Hanson’s disjunctive method, his insistence on seeing the war through one lens before moving on to another, has the effect of giving the story of World War II a dynamism and unpredictability missing from more traditional histories. His argument is that World War II was not a single conflict but several, ranging the expanse of the globe, each varying with the arrival and departure of advanced technologies, sophisticated ideologies, national armies, and legendary statesmen. What started as a territorial fight along Germany’s eastern border was transformed into a global war of total victory by the entirely unpredictable and contingent events of Operation Barbarossa, Pearl Harbor, and Germany and Italy’s declaration of war against the United States. “Despite the wartime propaganda that followed, there were few common fault lines of religion, race, or geography to make sense of this confusing conflict — much less common methods of conducting the fighting,” says Hanson. Lost into this vortex were the souls of some 60 million people, most of them civilians.
As I make my way through this verbal museum of the largest and deadliest war in human history, two themes seem of particular relevance to the present moment. The first is the importance of technology to victory in combat. Hanson’s chapter on the air war is gripping not only in its evocation of Stukas, Spitfires, Mustangs, Zeros, Messerschmitts, and B-17s, but also in its depiction of the novelty and power of air supremacy. Hanson demonstrates that Axis propaganda and ambition obscured a much lower technological and productive capacity than the Allies enjoyed even at the outset of the war. Advances in aircraft and radar gave the British and later the Americans the advantage. The incredible number of U.S. aircraft carriers brought a greater advantage still. (The Nazis had none.) Nazi research and development was scattershot and halfhearted, subject to Hitler’s crazed imagination and tumultuous decision-making. The Germans may have deployed the first rocket jet and long-range ballistic missile, but they lacked the capacity for sustained, large-scale work such as the Manhattan Project.
Another pertinent theme of this book is the grandeur and fragility of deterrence. “Throughout history,” Hanson writes, “conflict had always broken out between enemies when the appearance of deterrence — the material and spiritual likelihood of using greater military power successfully against an aggressive enemy — vanished.” We often think of deterrence in quantitative terms, as a function of how many missiles we have, how many troops in uniform, how many carriers or submarines or Global Hawks, how many artillery batteries are deployed across the DMZ. But note that Hanson places equal weight on the invisible aspects of deterrence, on a nation’s fighting spirit. “By any fair measure,” he says, “Germany in 1939 — in terms of the number and quality of planes, armor, manpower reserves, and industrial output — was not stronger than the combined French and British militaries — or at least not so strong as to be able to defeat and occupy both powers.” Yet the British government allowed Hitler to maximize his position and France surrendered to the invading Nazis in a matter of weeks because they were too tired of war to risk standing in the right.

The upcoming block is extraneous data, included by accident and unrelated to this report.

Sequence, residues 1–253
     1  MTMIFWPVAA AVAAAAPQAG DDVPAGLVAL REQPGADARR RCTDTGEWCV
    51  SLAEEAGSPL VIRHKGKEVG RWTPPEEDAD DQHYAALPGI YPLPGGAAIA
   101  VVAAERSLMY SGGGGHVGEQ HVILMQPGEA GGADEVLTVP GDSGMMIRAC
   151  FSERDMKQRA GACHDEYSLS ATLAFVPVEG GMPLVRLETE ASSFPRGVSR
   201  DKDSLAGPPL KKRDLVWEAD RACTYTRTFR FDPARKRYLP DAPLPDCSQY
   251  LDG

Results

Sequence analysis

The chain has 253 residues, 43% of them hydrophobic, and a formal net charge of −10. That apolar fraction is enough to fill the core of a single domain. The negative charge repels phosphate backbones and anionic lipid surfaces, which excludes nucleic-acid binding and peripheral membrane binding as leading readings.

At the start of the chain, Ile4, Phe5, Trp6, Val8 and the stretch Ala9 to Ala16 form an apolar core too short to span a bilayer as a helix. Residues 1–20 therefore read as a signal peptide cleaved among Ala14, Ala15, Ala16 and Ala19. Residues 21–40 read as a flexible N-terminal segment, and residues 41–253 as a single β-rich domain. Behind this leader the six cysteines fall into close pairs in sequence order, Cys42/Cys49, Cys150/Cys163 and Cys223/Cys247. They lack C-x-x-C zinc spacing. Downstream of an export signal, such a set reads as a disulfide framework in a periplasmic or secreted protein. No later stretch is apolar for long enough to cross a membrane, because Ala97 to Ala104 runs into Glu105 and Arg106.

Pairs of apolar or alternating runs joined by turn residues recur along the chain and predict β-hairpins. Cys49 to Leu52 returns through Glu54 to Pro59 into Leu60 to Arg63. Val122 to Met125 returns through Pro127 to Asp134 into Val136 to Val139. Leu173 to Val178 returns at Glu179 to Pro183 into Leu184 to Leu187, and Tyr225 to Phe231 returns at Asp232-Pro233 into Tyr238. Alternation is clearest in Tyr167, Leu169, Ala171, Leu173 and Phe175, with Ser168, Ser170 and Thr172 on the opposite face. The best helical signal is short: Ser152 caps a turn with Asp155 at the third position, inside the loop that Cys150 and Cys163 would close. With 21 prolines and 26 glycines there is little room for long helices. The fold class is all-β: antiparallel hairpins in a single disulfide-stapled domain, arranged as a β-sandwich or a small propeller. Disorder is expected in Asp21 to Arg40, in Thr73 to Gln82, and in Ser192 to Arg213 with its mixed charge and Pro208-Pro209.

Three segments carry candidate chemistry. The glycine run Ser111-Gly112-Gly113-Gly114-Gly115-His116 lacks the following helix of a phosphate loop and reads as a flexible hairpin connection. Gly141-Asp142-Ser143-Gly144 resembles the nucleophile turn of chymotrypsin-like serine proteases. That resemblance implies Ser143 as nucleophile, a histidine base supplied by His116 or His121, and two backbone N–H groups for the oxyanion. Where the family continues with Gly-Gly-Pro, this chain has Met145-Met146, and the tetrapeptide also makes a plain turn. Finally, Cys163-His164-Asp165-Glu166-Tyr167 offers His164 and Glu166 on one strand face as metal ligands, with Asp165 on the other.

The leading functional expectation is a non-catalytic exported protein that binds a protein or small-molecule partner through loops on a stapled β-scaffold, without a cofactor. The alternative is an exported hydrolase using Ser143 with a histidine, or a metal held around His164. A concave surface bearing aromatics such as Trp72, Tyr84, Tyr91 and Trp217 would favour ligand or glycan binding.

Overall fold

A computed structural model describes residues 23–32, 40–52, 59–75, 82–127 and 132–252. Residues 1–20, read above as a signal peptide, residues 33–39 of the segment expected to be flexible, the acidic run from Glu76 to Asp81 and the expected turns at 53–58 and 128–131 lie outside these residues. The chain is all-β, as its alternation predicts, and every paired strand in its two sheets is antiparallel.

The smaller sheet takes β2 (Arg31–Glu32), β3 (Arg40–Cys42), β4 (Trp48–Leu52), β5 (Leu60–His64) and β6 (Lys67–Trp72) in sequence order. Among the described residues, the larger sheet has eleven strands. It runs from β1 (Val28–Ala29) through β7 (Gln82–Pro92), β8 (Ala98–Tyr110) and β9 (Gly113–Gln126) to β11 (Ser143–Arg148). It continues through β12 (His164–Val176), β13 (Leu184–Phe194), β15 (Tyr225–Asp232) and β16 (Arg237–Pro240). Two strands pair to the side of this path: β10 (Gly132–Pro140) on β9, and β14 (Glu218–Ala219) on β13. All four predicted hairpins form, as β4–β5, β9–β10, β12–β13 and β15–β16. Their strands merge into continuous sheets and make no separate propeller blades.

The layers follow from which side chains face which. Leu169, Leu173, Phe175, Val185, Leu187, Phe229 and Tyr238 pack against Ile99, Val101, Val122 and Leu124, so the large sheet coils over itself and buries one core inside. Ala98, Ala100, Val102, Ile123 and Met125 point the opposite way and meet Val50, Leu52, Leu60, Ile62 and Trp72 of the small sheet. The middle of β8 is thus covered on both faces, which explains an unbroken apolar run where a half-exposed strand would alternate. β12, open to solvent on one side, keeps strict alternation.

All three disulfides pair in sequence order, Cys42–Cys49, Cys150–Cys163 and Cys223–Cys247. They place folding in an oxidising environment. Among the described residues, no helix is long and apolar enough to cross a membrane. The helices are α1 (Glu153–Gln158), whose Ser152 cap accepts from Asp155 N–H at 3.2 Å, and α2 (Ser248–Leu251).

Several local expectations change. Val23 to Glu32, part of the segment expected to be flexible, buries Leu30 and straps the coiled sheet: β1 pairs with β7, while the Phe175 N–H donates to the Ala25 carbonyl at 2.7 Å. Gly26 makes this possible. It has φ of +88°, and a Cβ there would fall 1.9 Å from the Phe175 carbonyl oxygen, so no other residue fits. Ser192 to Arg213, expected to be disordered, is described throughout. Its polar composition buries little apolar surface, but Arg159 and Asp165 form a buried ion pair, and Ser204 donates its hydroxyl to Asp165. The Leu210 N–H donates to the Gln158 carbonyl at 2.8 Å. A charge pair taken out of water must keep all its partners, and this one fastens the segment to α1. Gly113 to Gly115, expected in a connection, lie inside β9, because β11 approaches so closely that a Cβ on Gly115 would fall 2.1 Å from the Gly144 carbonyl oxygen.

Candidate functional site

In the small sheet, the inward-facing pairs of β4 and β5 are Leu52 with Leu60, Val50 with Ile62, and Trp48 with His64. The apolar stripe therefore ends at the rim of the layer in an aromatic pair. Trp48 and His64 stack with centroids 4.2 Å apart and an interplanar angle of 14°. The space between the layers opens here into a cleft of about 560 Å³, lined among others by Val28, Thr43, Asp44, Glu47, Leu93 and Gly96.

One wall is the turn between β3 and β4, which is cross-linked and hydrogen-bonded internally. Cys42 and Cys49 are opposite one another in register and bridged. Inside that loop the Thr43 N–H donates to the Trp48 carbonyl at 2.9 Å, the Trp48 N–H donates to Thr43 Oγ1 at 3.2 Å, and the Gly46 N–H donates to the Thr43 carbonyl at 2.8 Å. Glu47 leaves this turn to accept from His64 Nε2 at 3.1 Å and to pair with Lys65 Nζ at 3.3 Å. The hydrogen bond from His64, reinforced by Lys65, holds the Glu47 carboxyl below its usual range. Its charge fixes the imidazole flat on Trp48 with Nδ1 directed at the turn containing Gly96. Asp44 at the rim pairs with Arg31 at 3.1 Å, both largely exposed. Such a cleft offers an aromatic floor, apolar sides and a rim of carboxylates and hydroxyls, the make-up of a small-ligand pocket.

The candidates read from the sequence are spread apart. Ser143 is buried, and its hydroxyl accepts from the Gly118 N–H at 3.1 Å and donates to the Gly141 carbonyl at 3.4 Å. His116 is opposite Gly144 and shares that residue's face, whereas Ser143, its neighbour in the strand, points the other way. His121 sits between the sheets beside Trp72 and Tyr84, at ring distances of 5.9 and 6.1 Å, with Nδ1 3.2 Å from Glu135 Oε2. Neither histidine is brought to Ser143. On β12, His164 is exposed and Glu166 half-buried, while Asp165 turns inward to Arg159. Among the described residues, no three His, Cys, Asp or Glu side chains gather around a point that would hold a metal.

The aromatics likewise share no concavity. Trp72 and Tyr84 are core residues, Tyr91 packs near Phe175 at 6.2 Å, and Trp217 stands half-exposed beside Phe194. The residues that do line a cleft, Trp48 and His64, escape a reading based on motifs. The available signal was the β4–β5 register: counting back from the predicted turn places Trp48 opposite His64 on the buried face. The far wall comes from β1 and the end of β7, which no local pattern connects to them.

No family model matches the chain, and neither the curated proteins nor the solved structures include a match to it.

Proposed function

“Every civilization, if it is to survive, must be ready and willing to use force against those who, reverting to savagery, threaten to corrode it from within, just as it must be ready and willing to use force against those — either savage or ordered by a different civilization — who threaten to destroy it from without,” wrote James Burnham, who served in the Office of Strategic Services during the war, in 1961. Today, her economic and cultural and military power greater than any in the world, do the leaders and elites of the United States possess the will to deter her enemies from transgressing boundaries and violating national sovereignty? It is a question to ponder as one reads through the great works of history, works such as Gibbon’s Decline and Fall of the Roman Empire, Carlyle’s French Revolution, and Hanson’s Second World Wars.
Excerpts from The Second World Wars:
— Matthew Continetti is the editor-in-chief of the Washington Free Beacon, where this column first appeared. © 2017 All rights reserved